Frequently Asked Questions

Wealthy investors, such as Warren Buffett, state the contrary… “on wind energy, we get a tax credit… that’s the only reason to build them. They don’t make sense without the tax credit” (Pfotenhauer, 2014).

Wind companies like to include such statements in their marketing scripts; however,
the truth can be seen if you visit any wind turbine site… You will find little to no
economic development around these communities. Pace Energy and Climate Center
reported that most wind projects are built by imported workers, who require housing
and accommodations (PECC, 2011). The increased traffic and movement of heavy
equipment typically necessitate significant road improvements at taxpayer expense.
Pace indicates that any minor “economic boom” experienced by local businesses due
to the presence of project workers is only temporary. However, the negative impact on
area tourism is permanent. (PECC, 2011)

Energy produced by Douglas County wind turbines will be transmitted out-of-state.

The U.S. Office of Nuclear Energy reported that wind farms require 360 times more land area to produce the same amount of electricity as a typical U.S. nuclear plant (3
Reasons…, 2021).

Health issues linked to sustained exposure to wind turbines can include sleep disorders, motion sickness, vomiting, migraine headaches, heart rate irregularities, blurry vision, anxiety, and neurological disorders (Jeffery et al, 2013; Sherman, 2019; Schrag, 2019).

Wind company reps deny that turbines have an impact on wildlife. However, the
American Bird Conservancy has utilized data from the U.S. Wind Turbine database to
determine that approximately 538,000 wind turbine-caused bird deaths occur each
year (Merriman, 2021). The US Geological Survey website states that “A key challenge
facing the wind industry is the potential for turbines to adversely affect wild animals both directly, via collisions, as well as indirectly due to noise pollution, habitat loss, and reduced survival or reproduction. Among the most impacted wildlife are birds and
bats, which by eating destructive insects provide billions of dollars of economic
benefits to the country’s agricultural sector each year” (USGS, 2022).

In 2019, the Rural Messenger indicated that Kansans should expect wind turbines to reduce their home values by as much as 40% (Schrag).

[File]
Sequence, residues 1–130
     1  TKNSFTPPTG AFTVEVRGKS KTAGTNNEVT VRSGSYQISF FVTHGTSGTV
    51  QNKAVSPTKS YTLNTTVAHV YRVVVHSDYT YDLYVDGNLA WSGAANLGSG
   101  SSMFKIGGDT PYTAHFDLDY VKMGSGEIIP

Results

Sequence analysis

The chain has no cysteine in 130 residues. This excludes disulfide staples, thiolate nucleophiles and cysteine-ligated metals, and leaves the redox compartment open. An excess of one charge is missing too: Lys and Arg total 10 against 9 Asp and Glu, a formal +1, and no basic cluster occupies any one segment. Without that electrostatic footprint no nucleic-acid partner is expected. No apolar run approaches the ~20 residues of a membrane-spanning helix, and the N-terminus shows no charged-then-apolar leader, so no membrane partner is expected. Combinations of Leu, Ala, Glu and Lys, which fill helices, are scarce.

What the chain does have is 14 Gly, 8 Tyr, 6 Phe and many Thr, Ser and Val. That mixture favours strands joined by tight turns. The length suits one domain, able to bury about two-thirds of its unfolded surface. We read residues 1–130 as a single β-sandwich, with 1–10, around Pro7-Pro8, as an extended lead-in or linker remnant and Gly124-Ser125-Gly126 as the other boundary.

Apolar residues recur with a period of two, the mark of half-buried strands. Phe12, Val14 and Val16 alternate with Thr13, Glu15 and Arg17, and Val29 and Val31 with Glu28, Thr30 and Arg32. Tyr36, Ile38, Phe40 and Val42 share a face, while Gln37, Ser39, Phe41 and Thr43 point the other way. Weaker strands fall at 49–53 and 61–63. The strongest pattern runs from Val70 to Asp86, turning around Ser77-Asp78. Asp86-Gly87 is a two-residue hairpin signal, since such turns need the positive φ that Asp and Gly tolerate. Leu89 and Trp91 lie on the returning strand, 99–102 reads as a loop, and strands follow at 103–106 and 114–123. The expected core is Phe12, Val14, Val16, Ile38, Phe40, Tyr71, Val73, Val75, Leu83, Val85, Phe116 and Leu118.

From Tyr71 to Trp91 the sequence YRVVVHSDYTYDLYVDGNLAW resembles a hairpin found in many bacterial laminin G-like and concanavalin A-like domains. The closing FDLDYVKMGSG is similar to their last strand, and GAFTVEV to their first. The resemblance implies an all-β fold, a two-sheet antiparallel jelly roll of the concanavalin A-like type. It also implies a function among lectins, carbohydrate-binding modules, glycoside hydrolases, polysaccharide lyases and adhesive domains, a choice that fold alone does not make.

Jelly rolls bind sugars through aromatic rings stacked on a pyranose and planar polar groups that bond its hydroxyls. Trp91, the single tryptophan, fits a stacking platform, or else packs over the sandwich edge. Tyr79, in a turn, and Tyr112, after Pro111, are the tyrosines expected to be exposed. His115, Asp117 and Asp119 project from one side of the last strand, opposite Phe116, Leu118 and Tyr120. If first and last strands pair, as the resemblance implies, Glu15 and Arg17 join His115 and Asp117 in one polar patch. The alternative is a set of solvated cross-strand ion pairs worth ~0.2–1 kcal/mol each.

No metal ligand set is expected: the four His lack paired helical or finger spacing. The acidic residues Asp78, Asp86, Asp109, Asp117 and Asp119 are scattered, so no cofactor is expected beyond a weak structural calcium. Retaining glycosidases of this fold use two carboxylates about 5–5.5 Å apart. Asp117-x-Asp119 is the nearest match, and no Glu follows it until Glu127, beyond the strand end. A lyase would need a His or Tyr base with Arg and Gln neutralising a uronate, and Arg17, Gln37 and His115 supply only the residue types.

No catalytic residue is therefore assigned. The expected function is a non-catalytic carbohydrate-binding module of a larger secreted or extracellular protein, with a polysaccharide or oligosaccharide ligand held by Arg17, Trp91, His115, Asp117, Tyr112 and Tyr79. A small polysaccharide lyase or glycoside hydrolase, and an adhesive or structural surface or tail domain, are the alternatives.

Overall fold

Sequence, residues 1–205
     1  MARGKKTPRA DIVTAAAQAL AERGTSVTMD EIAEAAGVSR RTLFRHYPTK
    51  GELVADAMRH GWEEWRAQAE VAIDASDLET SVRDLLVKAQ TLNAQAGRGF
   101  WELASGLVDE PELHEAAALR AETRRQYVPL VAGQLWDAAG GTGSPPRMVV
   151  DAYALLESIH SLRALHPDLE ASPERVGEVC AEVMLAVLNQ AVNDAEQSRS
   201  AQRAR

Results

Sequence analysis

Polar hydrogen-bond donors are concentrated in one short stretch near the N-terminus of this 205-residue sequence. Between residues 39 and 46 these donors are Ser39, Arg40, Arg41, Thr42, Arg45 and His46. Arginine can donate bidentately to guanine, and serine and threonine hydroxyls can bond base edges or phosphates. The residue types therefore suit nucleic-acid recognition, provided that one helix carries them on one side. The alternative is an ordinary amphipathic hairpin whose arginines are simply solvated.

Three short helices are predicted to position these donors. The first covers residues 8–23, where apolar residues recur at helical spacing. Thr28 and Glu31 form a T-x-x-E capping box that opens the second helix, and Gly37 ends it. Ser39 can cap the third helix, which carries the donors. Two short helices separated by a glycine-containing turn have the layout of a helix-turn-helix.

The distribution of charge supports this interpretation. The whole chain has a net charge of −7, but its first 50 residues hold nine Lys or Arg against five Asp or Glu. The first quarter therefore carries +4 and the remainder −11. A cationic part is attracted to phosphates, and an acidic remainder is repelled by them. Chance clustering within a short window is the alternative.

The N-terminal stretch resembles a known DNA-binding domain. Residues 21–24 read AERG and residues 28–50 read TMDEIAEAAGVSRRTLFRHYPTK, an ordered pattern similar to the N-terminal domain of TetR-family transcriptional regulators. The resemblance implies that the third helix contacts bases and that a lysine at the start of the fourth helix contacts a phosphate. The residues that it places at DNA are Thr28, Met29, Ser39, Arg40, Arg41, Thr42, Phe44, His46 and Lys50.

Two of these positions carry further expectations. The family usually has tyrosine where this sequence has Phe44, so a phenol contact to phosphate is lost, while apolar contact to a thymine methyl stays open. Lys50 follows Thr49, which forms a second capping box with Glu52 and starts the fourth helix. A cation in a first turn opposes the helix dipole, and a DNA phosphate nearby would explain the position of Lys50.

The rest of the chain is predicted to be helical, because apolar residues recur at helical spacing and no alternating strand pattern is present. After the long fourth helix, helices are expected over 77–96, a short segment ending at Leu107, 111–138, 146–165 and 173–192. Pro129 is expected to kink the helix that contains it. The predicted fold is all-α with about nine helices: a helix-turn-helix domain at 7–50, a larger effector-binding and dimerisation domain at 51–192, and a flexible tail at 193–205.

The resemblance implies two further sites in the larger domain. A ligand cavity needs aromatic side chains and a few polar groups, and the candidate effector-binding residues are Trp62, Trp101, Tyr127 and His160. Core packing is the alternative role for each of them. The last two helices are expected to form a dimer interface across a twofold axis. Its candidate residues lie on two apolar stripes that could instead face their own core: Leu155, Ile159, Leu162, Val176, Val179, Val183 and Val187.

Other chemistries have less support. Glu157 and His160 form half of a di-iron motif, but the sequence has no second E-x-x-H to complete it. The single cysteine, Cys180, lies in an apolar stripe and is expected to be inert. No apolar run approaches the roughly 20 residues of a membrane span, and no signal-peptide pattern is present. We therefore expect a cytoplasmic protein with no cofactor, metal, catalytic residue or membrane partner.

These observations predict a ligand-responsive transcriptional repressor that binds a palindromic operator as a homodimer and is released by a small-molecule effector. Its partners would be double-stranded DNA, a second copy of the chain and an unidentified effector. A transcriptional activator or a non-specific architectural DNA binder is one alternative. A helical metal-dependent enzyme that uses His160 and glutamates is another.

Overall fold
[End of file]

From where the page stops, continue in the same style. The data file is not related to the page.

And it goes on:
Wind farms are given a 10-yr tax abatement. No tax is collected from the wind farm until the turbines have substantially depreciated in value. Less valuation means less tax money paid by the wind company. In western Kansas, tax abatements on wind turbines have continued in perpetuity, meaning taxes may never be collected.

No. Most of the signed contracts to lease Douglas County land for wind turbines provide the wind companies with a right to use it for 30 to 50 yrs. Most also include the option to renew the lease for another 20 yrs. There is no turning back and the impact will last for generations to come.


Jeffery, R. D., Krogh, C., & Horner, B. (2013, May). Adverse Health Effects of Industrial Wind Turbines.
Retrieved from https://pubmed.ncbi.nlm.nih.gov/23673580/

Kite, A. (2022, February 14). ‘This is Punitive’: Kansas Senate Committee considers poison pill wind energy bills.
Retrieved fromhttps://kansasreflector.com/2022/02/13/this-is-punitive-kansas-senate-committeeconsiders-

Lowe, J. (2021, April 1). How many birds are killed by wind turbines?
Retrieved from https://abcbirds.org/blog21/wind-turbine mortality/#:~:text=Adjusting%20for%20this
%20industr%20growth,in%20addition%20to%20their %20numbers.

Pace Energy and Climate Center (PECC). (2011). Wind Energy Toolkit: Socioeconomic Impacts.
Retrieved from https://law.pace.edu/sites/default/files/PECC/Wind_ToolKit_Updates_Chap8_
TOP_12JULY2011_ TOP_19OCT2011.pdf

Pfotenhauer, N. (2014, May 12). Big Wind’s Bogus Subsidies.
Retrieved from https://www.usnews.com/opinion/blogs/nancy-pfotenhauer/2014/05/12/evenwarren-

Schrag, D. (2019, April 2). Wind farms: Health issues, ‘gag orders,’ property values?
Retrieved from https://www.ruralmessenger.com/kansas-news/wind-farms-health-issues-gag-ordersproperty-

Sherman, L. (2019, December 3). In the Shadow of Wind Farms.
Retrieved from https://stories.usatodaynetwork.com/windfarms/home/

U.S. Geological Survey (USGS). (2022). Can wind turbines harm wildlife?
Retrieved from https://www.usgs.gov/faqs/can-wind-turbines-harm-wildlife

U.S. Office of Nuclear Energy. (2021, March 31). 3 Reasons Why Nuclear is Clean and Sustainable.
Retrieved from https://www.energy.gov/ne/articles/3-reasons-why-nuclear-clean-and-sustainable